This fresh treatment of Paul's ethics addresses this question: how, according to Paul, can Christian communities know how God wants them to live? Leading biblical scholar James Thompson explains that Paul offers a coherent moral vision based not only on the story of Christ but also on the norms of the law. Paul did not live with a sharp dichotomy of law and gospel and recognized the continuing importance of the law. Thompson makes a distinctive contribution by locating the roots of Paul's concrete ethical thought in Hellenistic Judaism rather than Hellenistic moral philosophy. Students of New Testament ethics and Pauline theology will value this work.
James W. Thompson (PhD, Vanderbilt University) is the Robert and Kay Onstead Distinguished Professor of Biblical Studies and associate dean of the Graduate School of Theology at Abilene Christian University in Abilene, Texas. His books include Pastoral Ministry according to Paul and Hebrews in Paideia: Commentaries on the New Testament.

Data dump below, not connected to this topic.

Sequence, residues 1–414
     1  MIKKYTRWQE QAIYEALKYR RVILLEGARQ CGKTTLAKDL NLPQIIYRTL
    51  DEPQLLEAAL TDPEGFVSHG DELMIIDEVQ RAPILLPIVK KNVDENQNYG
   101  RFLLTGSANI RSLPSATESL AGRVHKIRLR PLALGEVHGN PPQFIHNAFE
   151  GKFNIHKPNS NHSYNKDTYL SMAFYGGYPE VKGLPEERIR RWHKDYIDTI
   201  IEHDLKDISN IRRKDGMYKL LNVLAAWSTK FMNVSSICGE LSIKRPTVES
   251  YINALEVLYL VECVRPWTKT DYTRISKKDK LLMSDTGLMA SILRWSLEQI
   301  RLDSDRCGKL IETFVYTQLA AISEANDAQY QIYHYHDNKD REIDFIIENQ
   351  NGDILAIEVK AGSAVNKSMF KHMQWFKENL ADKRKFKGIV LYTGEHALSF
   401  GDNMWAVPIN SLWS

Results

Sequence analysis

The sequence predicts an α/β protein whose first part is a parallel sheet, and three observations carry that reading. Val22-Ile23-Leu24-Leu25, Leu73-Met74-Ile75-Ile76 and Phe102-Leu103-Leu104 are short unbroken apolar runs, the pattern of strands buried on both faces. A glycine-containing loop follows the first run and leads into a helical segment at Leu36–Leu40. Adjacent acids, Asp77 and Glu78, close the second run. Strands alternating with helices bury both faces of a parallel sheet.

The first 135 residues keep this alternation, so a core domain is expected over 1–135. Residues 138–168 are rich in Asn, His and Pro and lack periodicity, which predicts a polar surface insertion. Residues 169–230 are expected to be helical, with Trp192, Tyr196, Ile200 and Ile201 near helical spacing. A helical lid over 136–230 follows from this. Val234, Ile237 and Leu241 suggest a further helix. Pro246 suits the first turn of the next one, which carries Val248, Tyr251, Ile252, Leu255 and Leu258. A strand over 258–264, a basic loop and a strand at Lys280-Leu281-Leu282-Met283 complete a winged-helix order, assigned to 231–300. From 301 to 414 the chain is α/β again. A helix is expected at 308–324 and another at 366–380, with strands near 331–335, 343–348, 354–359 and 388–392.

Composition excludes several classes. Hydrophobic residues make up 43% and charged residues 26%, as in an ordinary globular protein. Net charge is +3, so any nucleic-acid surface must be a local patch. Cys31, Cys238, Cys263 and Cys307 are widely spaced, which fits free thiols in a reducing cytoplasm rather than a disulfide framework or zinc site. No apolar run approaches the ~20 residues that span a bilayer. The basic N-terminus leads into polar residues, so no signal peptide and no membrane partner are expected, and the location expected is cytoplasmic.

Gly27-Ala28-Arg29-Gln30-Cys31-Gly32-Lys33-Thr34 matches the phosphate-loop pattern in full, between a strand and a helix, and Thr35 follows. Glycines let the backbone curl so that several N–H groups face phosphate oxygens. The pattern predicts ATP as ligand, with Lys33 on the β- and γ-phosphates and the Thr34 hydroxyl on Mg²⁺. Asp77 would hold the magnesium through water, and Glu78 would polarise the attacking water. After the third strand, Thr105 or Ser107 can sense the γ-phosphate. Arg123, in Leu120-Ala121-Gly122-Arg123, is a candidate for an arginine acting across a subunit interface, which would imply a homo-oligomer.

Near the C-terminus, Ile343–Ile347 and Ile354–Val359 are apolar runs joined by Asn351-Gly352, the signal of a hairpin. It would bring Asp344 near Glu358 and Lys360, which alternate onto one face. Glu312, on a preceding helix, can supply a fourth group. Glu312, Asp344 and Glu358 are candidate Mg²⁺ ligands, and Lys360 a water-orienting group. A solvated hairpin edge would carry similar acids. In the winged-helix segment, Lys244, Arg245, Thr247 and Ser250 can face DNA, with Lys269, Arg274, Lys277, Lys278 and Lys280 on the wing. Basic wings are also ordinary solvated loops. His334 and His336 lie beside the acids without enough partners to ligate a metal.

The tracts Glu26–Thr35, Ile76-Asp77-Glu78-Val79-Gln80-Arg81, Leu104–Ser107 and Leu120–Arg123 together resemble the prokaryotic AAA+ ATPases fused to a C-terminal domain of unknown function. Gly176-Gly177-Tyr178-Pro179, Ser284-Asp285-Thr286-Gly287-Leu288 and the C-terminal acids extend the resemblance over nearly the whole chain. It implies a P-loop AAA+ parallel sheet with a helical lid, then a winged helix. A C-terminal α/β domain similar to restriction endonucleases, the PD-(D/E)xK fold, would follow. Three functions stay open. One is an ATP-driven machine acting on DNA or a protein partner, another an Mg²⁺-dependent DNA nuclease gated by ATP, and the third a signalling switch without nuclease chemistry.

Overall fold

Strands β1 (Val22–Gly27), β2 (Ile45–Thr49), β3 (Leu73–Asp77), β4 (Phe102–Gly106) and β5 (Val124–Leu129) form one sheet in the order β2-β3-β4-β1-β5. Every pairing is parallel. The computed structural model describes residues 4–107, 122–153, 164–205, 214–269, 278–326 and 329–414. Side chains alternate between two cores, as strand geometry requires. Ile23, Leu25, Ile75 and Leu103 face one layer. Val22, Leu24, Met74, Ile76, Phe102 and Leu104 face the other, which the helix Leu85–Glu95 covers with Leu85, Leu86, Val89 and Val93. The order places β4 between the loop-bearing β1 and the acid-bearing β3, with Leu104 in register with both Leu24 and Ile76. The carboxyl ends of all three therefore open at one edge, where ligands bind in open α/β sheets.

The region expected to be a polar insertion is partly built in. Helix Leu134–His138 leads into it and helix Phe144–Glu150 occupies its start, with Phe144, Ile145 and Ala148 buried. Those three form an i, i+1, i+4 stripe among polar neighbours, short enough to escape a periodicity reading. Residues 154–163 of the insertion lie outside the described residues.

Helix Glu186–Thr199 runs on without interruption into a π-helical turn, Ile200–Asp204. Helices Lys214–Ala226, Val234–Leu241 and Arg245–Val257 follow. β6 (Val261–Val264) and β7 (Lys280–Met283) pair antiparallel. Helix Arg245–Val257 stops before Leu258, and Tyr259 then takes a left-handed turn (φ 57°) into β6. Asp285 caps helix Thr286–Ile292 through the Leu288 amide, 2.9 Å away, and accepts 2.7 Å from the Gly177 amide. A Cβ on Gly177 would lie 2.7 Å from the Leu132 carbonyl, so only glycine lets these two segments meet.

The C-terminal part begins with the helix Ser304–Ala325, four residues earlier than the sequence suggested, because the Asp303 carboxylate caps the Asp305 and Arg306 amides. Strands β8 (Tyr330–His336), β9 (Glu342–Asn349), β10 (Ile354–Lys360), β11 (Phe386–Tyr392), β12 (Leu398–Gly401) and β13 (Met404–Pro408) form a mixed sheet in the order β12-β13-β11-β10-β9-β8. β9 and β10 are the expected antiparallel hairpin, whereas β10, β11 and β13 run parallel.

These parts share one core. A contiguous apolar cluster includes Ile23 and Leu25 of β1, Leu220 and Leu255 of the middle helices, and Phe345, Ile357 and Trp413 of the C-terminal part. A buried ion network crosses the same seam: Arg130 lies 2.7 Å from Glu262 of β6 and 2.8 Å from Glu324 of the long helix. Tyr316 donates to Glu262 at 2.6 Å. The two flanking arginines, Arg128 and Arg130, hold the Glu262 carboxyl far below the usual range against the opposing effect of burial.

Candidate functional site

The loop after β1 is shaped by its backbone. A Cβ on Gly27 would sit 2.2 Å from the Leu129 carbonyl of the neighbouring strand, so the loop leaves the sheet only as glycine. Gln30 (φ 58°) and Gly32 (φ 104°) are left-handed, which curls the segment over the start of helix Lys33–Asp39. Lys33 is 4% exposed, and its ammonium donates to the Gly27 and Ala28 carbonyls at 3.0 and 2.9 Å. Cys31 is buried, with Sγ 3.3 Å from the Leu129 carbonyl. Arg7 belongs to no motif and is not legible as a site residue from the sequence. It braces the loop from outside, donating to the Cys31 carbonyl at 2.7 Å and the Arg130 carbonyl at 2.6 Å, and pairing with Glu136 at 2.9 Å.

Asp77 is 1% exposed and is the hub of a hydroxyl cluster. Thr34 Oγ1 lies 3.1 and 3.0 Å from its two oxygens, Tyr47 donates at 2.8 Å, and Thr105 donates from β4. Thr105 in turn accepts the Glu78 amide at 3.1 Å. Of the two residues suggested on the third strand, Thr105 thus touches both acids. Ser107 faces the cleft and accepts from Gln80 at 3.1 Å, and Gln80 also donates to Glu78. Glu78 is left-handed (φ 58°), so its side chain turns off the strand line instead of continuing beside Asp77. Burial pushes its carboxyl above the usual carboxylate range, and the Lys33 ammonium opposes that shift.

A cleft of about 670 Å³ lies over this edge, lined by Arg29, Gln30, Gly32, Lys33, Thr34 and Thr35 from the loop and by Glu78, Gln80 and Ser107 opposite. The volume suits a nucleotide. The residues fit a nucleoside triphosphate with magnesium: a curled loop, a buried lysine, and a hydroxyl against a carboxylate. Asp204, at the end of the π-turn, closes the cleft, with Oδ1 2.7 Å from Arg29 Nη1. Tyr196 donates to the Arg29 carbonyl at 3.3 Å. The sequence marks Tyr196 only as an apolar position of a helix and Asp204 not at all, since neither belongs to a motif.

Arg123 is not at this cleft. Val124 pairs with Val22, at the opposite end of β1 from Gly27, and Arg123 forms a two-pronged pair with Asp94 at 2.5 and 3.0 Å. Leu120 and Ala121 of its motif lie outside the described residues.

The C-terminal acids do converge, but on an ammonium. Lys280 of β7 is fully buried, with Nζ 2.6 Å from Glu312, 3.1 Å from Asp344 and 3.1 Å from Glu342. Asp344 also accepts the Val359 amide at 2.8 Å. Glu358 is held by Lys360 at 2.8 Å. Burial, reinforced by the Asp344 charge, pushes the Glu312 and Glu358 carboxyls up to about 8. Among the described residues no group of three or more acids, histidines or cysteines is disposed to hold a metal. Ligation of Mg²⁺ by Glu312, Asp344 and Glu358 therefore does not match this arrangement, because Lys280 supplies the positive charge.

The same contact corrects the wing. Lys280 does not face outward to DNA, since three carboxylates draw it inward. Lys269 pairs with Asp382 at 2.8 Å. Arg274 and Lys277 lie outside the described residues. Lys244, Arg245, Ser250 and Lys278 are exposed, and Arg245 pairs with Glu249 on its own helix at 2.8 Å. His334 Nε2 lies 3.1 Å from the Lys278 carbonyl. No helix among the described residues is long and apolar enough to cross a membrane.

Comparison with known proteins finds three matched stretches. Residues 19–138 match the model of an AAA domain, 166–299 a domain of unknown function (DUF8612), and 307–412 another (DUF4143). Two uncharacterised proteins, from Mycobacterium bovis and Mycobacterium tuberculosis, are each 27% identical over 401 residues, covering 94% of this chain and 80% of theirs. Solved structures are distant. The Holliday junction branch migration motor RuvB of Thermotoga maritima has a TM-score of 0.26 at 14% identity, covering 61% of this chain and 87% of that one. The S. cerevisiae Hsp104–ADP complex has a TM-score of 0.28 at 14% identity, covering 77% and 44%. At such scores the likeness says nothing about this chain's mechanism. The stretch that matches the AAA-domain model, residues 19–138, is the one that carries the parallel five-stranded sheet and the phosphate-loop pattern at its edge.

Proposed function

Introduction: Paul's Moral Teaching in Context
1. Ethics in Hellenistic Judaism: Maintaining Jewish Identity in the Diaspora
2. Shaping an Identity: Moral Instruction and Community Formation
3. From Catechesis to Correspondence: Ethos and Ethics in 1 Thessalonians
4. Pauline Catechesis and the Lists of Vices and Virtues
5. Paul, the Law, and Moral Instruction
6. Paul, the Passions, and the Law
7. Putting Love into Practice
8. Ethics and the Disputed Letters of Paul
Conclusion: The Coherence of Paul's Moral Teaching